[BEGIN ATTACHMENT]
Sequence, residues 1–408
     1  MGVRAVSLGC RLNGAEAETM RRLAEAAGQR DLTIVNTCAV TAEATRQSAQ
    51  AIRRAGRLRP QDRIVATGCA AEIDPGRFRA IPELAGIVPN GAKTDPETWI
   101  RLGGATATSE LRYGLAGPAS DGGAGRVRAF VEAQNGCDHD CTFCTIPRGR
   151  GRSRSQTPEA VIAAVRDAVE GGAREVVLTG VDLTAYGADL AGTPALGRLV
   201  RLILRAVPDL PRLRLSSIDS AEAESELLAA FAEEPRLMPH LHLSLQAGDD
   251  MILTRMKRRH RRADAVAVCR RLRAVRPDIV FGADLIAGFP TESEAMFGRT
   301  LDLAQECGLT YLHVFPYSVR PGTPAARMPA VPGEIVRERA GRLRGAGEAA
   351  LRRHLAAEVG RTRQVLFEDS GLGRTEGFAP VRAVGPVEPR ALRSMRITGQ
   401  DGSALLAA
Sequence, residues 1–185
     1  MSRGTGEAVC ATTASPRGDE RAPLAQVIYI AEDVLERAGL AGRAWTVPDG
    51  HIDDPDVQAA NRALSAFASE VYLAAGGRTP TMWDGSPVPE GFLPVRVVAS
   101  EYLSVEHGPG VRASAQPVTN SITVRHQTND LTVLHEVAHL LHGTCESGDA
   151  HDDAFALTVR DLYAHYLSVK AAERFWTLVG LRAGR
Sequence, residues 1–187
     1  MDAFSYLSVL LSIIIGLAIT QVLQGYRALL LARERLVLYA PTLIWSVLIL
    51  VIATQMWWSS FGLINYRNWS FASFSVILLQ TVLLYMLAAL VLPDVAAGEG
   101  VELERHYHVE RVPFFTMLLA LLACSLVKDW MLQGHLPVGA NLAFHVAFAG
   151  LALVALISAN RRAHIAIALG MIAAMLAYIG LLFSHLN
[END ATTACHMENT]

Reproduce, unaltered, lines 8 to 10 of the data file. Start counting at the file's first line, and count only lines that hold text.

   301  LDLAQECGLT YLHVFPYSVR PGTPAARMPA VPGEIVRERA GRLRGAGEAA
   351  LRRHLAAEVG RTRQVLFEDS GLGRTEGFAP VRAVGPVEPR ALRSMRITGQ
   401  DGSALLAA